2006: According to the BTT’s website, “In March 2006 the voters of Phoenix overwhelmingly approved a sweeping Bond Initiative that designated funds to The Black Theatre Troupe to renovate the Helen K. Mason Center for the Performing Arts. Several community needs will be met by this project including: (1) the reestablishment and expansion of BTT’s programs for youth at risk that emphasize the development of social and artistic skills, cooperation, discipline, self-esteem, and sharing; (2) the provision of performance space for young performers that will also accommodate children’s productions; and (3) the provision of affordable rental space for emerging performing arts groups with Stray Cat Theatre as a resident company. As the leading African American theater company in the four-corner states. This project will allow the Black Theatre Troupe to be the “crowning jewel” of this area of downtown and a shining example of diversity in the fifth largest city in the U.S. When completed, this $2.5M project will be unique in the City of Phoenix in that it will again provide a safe and nurturing artistic environment…”

August 2006: Fred Loewy (Elias’s son) dies.

2007: Without contacting the City of Phoenix Bond Committee representatives or Phoenix Arts and Culture Commission, BTT’s Board of Directors decides that the space is insufficient in size. The BTT Board and staff elect to sell building to neighboring land assembler.

August 2007: Fred Loewy’s sons donate all his papers, including a box full of material relating to Beth Hebrew Congregation, to the Arizona Jewish Historical Society. Fred kept everything to do with the synagogue, from early congregation documents written in Yiddish to the name of the building’s architect, to photographs of the groundbreaking. Jewish News of Greater Phoenix editor Leisah Woldoff writes a story about the synagogue’s history as revealed by Fred’s papers.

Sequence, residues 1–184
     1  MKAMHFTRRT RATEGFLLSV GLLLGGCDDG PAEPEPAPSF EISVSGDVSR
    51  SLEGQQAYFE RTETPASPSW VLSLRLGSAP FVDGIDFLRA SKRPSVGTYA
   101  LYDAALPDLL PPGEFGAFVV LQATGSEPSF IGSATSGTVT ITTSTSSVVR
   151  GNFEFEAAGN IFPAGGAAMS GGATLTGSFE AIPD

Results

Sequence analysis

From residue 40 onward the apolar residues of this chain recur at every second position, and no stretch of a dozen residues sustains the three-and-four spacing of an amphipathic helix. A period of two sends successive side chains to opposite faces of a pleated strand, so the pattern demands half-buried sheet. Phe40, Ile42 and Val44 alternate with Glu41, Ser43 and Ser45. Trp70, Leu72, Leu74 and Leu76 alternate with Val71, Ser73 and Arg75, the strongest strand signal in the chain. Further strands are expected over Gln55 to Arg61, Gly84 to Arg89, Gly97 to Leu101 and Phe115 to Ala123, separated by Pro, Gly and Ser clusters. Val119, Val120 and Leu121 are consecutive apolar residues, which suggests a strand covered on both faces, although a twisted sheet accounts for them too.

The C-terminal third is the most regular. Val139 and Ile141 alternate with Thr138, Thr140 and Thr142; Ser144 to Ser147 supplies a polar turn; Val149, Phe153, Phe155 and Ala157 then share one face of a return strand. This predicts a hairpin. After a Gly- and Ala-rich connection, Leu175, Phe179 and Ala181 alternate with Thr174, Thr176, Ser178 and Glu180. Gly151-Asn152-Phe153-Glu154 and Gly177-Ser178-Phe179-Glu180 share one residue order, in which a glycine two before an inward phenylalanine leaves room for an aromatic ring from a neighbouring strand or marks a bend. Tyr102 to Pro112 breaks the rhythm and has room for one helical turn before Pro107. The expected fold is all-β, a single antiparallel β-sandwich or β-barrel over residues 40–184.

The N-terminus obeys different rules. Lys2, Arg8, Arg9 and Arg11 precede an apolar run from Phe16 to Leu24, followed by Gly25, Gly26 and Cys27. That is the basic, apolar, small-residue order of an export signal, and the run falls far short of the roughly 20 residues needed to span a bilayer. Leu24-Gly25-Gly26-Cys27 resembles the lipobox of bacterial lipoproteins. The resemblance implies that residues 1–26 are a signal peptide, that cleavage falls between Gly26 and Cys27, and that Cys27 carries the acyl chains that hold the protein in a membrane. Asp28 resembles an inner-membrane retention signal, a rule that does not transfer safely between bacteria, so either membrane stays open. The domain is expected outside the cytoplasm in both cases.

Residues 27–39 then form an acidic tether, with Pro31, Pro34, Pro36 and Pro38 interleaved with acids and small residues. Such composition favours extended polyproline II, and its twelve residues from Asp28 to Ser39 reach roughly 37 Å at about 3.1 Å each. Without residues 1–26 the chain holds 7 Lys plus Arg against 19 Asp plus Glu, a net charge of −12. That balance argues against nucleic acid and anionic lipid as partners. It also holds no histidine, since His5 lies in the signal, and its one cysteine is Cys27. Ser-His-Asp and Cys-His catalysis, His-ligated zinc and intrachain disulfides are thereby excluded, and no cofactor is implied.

September 2007: After story appears in the Jewish News of Greater Phoenix about the BTT’s change of plans, text about the adaptive re-use of the building is removed from BTT website.

October 2007: Deborah Sussman Susser, editor of Jewish News of Greater Phoenix, contacts Michael Levine, a local developer with extensive experience in adaptive re-use of historic/vintage structures, including the Southwest Cotton Company Building in Phoenix (recipient of the 2007 Governor’s Heritage Preservation Grand Award) and a synagogue in Kisvarda, Hungary. Levine assesses the building and says it’s structurally sound with many of the original details in excellent condition; “it’s unique and has great bones.” According to officials with the State Historic Preservation Office and City of Phoenix Historic Preservation Office, “with the new archival information that’s recently come to light, the building is very likely eligible” for designation on local, state, and national historic registries.

What you can do? You are welcome to express your opinion about this matter to: